When a fox steals one of his daughter’s bantams, Simon Garnham uses his jungle training to track down and shoot the cunning culprit
In 1999 and 2000, I was fortunate to spend many months in the jungles of Brunei and Belize as part of my Royal Marine training. Both were wonderful environments in which to soldier. For the previous two years, I’d spent most of my time wet and cold — on Dartmoor, the Brecon Beacons and in Scotland.
Now, at least, I was only wet; it’s rarely cold in a tropical rainforest and I was never thirsty. With movement beneath the canopy very limited, it was also a welcome opportunity to catch up on sleep and I found a hammock to be a comfortable place to recoup after the rigours of the commando course.
It was during these times that fellow trainees and I were taught the skills of tracking by some inspiring Gurkha instructors. We knew that our unfamiliarity with the environment would mean we left obvious signs of our positions and our movements. Understanding this would make us harder to ambush or to trail and would help us surprise our enemies. We were taught to ‘tune in’ to the trees and were encouraged simply to stay still and observe for long periods of time while our senses became familiar with the terrain.
Slowly we became more like the native Iban people of Sarawak. We became able to move undetected and to follow trails. We learned the tactics, techniques and procedures of jungle combat. Those were some of the best months of my career and, although the terrains were very different, they were exceptionally helpful in preparing for operations in Afghanistan and Iraq. Good fieldcraft is good fieldcraft whether it’s in the jungle, the mountains or the desert.
Bold and hungry
I was recently reminded of some of the tracking skills I learned. Through the gentle mists of a coffee and the morning paper came the shouts of my daughter Liz: “Fox! Fox! It’s got a bantam.” I looked up just in time to see Reynard disappearing into the woods at the edge of our garden with a limp hen in its jaws. Somehow it had managed to penetrate our newly built hen run without alerting the dogs and had dragged out one of Liz’s prized bantams. Where it had succeeded once, I knew it would try again. It was mid-morning so either the fox was bold or it was hungry or both.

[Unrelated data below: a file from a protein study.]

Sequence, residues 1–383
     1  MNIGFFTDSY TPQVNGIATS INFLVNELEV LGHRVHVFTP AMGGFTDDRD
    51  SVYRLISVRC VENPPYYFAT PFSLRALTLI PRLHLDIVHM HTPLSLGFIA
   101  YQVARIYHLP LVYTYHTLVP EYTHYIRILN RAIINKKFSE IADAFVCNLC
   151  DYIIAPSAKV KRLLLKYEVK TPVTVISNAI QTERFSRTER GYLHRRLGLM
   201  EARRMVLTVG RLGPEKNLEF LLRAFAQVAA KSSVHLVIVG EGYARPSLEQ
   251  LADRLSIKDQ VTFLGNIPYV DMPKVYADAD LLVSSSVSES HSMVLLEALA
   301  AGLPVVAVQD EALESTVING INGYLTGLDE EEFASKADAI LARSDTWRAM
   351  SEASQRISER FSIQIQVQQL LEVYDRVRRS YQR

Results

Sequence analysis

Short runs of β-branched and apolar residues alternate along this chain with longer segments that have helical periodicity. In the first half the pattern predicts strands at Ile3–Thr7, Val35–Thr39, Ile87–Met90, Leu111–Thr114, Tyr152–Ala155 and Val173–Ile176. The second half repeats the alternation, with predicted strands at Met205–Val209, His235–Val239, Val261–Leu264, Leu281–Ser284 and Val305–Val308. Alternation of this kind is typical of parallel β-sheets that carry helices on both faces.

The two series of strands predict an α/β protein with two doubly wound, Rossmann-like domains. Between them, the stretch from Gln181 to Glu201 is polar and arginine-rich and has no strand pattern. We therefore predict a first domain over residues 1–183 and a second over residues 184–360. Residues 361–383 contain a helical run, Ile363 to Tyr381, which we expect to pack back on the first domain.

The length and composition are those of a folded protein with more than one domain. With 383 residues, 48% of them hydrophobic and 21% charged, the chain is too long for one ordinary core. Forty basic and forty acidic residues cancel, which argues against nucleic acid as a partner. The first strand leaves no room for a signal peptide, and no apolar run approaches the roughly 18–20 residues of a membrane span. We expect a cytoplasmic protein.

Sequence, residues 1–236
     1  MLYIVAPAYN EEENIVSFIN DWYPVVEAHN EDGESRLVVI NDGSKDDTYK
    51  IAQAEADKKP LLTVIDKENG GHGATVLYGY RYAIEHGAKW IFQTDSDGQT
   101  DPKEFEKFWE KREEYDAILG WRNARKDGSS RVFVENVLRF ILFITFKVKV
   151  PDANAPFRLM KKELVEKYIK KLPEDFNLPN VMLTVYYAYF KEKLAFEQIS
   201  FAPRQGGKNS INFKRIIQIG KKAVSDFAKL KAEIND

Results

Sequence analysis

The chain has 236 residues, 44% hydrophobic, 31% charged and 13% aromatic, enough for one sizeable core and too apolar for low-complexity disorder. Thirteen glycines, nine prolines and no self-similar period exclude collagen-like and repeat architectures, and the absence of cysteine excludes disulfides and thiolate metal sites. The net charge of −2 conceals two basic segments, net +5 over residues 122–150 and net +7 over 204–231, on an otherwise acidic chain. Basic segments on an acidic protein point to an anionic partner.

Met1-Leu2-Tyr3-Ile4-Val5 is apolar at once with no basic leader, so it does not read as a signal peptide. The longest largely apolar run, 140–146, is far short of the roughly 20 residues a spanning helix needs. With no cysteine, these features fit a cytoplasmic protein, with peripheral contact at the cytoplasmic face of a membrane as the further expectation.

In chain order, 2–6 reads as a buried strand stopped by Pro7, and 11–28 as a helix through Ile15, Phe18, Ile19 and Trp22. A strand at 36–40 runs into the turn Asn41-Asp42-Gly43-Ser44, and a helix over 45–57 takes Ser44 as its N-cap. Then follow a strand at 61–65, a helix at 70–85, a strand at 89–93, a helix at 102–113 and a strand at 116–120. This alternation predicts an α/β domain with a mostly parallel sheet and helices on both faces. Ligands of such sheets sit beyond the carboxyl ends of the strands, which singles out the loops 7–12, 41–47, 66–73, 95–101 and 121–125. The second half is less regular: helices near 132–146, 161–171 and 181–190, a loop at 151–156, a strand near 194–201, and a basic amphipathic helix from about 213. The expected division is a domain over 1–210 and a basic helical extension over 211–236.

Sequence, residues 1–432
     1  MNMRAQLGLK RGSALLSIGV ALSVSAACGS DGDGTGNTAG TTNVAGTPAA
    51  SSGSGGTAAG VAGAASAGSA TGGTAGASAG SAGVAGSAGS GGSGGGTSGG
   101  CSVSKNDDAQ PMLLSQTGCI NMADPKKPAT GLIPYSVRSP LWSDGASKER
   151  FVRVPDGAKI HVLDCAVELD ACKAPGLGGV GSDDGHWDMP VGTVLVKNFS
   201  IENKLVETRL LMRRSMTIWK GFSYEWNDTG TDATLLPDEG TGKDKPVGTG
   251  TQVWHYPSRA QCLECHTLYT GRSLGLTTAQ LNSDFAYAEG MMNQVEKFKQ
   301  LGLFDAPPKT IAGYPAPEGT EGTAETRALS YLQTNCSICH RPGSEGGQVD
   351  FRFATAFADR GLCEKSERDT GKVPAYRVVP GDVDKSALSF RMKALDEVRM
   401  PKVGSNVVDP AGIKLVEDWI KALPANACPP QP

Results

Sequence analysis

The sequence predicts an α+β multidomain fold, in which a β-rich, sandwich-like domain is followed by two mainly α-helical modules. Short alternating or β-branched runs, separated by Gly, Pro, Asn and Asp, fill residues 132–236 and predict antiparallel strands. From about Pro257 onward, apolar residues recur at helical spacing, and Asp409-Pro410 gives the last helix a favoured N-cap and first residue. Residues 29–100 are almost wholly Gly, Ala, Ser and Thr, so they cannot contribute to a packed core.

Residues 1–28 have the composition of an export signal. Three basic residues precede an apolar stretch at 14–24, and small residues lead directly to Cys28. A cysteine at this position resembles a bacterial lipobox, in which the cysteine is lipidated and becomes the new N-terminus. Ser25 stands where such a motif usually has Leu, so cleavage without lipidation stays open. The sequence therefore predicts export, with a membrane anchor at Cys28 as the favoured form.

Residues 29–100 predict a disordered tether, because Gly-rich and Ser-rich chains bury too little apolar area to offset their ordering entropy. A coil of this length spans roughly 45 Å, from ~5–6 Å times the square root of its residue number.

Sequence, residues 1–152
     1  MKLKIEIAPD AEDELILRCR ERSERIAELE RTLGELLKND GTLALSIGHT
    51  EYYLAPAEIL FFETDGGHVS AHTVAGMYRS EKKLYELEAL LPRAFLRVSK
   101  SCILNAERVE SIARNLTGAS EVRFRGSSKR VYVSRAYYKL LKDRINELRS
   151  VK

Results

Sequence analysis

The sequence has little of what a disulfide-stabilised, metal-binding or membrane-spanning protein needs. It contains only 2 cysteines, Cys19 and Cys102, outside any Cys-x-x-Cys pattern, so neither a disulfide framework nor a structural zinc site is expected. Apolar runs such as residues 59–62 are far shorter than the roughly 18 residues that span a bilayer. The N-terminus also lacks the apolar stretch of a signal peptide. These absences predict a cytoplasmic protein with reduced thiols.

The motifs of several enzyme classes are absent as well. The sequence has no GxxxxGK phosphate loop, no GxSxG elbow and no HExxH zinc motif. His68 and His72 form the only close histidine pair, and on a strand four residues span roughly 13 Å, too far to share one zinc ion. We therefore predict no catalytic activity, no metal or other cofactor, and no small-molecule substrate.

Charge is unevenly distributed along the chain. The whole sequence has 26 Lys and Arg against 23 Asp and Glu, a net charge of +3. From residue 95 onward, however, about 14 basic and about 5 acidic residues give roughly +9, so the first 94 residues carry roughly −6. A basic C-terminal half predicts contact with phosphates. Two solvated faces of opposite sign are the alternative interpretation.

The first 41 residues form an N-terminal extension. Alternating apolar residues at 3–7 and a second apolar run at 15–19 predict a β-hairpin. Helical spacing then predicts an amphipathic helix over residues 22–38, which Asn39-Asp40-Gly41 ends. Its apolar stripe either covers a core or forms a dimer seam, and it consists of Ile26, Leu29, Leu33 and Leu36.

We let Scout, our labrador, go in the hope that she might intercept the fox, show us its route and perhaps even force it to drop the hen, which may only have been playing dead. Scout took us through the trees on a linear route for about 100 yards but lost scent at this point. The fleeting chance to save the hen had gone. But it offered a real opportunity to spend some time with Liz, looking at the natural world around us.
We changed into more appropriate clothes for a protracted pursuit and set out again in the afternoon to see if we could make sense of the thieving fox’s movements. A pile of feathers in the orchard didn’t bode well, but they weren’t the bantam’s. They seemed to have been plucked rather than ripped and spat. We surmised this could have been the work of a bird of prey.
Further on, we found a neatly grouped pile of stones — each one about the size of a walnut — and clearly having been collected and left. We speculated that these could have been collected by a grey squirrel: a strange labour but one I’ve heard to be relatively common.
Back in the woods, the pungent scent of Reynard was clear. It was exciting to think that we must be close. A fresh scat with a pointed end, deliberately positioned on a breeze block, was certainly fox. It had telltale fur and bones but not the feathers of our hen. The brick had once been used to support a jack for repairing a puncture during coppicing.
Now it offered a point to mark a territory. We cast around using a 360-degree search method and found more spoor in the form of a track at the far end of the wood. In military terms, I remembered that this is known as the start point. When you discover a jungle camp or have been contacted by the enemy, perhaps in a firefight, the area will be full of signs. This is the place to begin tracking. (Read more on the best fox control kit.)